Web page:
Crabtree, Kyle N., Martin-Drumel, Marie-Aline, Brown, Gordon G., Gaster, Sydney A., Hall, Taylor M., and McCarthy, Michael C. 2016. "Microwave spectral taxonomy: A semi-automated combination of chirped-pulse and cavity Fourier-transform microwave spectroscopy." Journal of Chemical Physics 144:124201. https://doi.org/10.1063/1.4944072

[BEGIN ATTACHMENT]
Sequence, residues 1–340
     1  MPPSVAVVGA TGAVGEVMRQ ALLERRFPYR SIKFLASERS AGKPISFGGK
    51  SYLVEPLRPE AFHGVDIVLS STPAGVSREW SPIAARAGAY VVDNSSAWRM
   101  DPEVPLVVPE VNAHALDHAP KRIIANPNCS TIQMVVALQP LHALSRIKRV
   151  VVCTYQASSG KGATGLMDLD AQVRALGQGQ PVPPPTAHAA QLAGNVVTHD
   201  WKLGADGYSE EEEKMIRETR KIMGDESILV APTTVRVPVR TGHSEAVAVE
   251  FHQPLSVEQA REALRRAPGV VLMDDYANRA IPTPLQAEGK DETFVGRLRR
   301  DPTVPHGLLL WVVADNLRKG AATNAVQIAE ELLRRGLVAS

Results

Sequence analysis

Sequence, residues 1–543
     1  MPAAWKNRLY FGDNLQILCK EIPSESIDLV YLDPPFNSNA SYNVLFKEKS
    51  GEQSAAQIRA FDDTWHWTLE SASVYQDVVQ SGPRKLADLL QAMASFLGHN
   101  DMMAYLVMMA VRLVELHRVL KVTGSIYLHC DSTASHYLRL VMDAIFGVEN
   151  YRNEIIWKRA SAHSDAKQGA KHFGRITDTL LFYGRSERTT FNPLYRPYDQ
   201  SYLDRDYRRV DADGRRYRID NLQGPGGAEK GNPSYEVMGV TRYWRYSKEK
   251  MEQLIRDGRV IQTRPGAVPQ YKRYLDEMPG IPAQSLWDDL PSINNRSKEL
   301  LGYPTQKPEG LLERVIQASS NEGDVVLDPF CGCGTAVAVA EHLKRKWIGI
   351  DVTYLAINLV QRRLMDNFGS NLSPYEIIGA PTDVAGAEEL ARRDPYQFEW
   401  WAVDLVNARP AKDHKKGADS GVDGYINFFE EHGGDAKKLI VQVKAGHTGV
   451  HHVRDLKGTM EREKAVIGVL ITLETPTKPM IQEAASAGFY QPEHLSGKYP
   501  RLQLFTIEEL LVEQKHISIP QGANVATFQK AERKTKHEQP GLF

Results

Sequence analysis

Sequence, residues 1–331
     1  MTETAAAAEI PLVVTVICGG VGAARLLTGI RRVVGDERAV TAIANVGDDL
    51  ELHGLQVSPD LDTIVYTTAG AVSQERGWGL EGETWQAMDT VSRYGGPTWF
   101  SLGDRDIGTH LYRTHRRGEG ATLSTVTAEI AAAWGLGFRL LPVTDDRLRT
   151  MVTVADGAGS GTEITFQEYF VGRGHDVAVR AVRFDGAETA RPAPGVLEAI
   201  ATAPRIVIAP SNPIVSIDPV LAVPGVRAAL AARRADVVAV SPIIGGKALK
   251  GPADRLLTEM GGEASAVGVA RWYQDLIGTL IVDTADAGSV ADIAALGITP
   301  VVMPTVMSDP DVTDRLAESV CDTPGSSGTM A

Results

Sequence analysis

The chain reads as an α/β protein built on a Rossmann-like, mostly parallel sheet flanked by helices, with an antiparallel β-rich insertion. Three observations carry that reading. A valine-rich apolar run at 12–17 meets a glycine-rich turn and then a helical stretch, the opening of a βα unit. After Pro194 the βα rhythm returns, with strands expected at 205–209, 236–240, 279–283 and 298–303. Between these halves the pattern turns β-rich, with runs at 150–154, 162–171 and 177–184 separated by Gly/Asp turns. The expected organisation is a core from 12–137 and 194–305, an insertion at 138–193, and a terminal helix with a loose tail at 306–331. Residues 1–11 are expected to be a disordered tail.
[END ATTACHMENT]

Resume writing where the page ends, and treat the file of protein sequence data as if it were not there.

Because of its structural specificity, rotational spectroscopy has great potential as an analytical tool for characterizing the chemical composition of complex gas mixtures. However, disentangling the individual molecular constituents of a rotational spectrum, especially if many of the lines are entirely new or unknown, remains challenging. In this paper, we describe an empirical approach that combines the complementary strengths of two techniques, broadband chirped-pulse Fourier transform microwave spectroscopy and narrowband cavity Fourier transform microwave spectroscopy, to characterize and assign lines. This procedure, called microwave spectral taxonomy, involves acquiring a broadband rotational spectrum of a rich mixture, categorizing individual lines based on their relative intensities under series of assays, and finally, linking rotational transitions of individual chemical compounds within each category using double resonance techniques. The power of this procedure is demonstrated for two test cases: a stable molecule with a rich spectrum, 3,4-difluorobenzaldehyde, and products formed in an electrical discharge through a dilute mixture of C2H2 and CS2, in which spectral taxonomy has enabled the identification of propynethial, HC(S)CCH.